Town Hall ‘experts’ cost revealed

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WIGAN Council spent £1m on consultant fees last year.

Between October 2010 and October 2011, the town hall called on the services of more than 110 external experts, a Freedom of Information request from the Evening Post has revealed.

It also shows the cash-strapped council, currently facing £66m Government spending cuts and hundreds of job losses, paid one consultant £1,100 per day for their services.

The consultants were employed in projects including outdoor education, computing, Foundation diplomas, school improvement, music, City Challenge work, English Language and management expertise.

Many were health professionals employed in the fields of speech therapy, wellbeing, autism, fostering, family and childcare issue, mental health, drugs, behavioural support, sign language, special education and bereavement.

Town hall projects that were judged to need the help of consultants last year have included the Health and Wellbeing Board Development, Waste Disposal Procurement Technical Advisers, Waste Disposal Procurement Project Management, Waste Disposal Procurement Legal Advisers, Major Schemes Engineering Design, Master plan/economic impact of major schemes. Leader of the Opposition Coun Gary Wilkes said consultants played a big part in most large organisations like Wigan Council.

He said: “Most local authorities employ consultants from time to time. What we must be mindful of is how much they charge for their services and is it value for money? Sometimes employing a consultant can actually save the council money.”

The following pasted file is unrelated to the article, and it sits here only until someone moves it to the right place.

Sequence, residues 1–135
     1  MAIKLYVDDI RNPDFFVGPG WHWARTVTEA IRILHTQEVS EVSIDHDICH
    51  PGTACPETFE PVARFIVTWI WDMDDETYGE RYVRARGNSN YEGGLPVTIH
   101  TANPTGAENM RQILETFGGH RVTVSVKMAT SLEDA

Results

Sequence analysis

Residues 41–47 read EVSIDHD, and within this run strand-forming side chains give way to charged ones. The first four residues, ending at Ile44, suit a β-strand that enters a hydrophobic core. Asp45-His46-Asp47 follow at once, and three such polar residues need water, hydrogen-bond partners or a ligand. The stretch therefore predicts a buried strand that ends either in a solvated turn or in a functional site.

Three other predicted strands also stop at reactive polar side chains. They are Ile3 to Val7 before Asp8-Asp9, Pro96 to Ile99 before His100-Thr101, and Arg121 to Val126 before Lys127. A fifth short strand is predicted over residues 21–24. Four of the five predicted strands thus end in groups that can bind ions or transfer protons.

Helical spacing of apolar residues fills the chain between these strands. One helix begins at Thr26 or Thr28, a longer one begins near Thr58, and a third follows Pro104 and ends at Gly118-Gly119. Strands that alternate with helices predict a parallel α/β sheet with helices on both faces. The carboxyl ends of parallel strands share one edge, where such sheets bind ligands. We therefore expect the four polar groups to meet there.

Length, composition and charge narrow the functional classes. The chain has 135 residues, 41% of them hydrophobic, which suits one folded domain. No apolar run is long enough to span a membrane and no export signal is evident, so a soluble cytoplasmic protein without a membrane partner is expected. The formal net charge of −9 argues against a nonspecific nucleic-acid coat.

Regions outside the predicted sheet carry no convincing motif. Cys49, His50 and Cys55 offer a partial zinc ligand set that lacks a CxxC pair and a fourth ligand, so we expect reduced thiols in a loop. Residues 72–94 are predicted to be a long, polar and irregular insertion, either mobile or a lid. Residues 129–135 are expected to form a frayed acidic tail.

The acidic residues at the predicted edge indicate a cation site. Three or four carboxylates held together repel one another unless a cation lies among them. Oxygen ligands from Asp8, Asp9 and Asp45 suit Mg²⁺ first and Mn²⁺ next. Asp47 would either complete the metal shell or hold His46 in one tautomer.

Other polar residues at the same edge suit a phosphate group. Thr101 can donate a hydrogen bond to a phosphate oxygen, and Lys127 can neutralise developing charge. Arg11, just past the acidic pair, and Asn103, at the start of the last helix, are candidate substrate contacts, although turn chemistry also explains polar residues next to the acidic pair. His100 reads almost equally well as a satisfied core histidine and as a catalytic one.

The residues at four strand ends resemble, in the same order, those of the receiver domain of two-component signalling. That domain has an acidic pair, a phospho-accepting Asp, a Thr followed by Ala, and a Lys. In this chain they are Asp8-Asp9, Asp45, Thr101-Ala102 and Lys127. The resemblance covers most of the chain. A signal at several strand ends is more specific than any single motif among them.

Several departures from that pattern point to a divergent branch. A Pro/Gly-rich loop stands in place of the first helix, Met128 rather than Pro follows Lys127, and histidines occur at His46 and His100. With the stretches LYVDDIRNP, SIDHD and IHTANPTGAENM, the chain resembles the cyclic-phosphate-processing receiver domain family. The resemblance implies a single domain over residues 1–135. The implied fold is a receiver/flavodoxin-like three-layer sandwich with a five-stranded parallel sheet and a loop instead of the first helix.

However, he said that in his personal view consultants are over used by local councils.

Chairman of the Wigan Conservative Federation Michael Winstanley said: “The council is constantly complaining about the amount of money being cut by central government, so it is astonishing they can find a £1m to spend on external consultants.

“It is also staggering that some of these consultants can charge up to £1,100 per day.

“I am sure most people in Wigan would like that kind of daily rate for their work.

“Given the level of expertise available within the council, the question does need to be asked why they have to rely on external consultants?

“We need to remember that every £1 spent on external consultants was a £1 less spent on front-line services to the people of Wigan.”

But the chief executive elect of the council Donna Hall said the council only used external consultants for specialist services where they do not employ people full-time, such as complex IT projects or specialist engineering schemes.

She said: “We would always use the most cost-effective method and aim to use our own staff first and foremost, but where we do not have the expertise we would need to go outside and negotiate the best price for the work.”

She added the figure of just under £1m needed to be considered in the context of the council’s entire operation with an annual budget of more than £900m to provide services for one of the largest metropolitan boroughs.

She said: “In many instances, using the services of a consultant makes sound economic sense.

“If we had to take people on a permanent basis every time we began a new project, it would cost us considerably more in the associated costs.

“Consultants provide specific, expert knowledge that can assist the council to bring in many millions of pounds worth of funding to help us complete major projects.”

Ms Hall said innovations such as the Life Centre, Leigh Sports Village, the regeneration of Bickershaw, Saddle Junction and others helping to create jobs and investment opportunities in our borough may not have been possible without the work of consultants.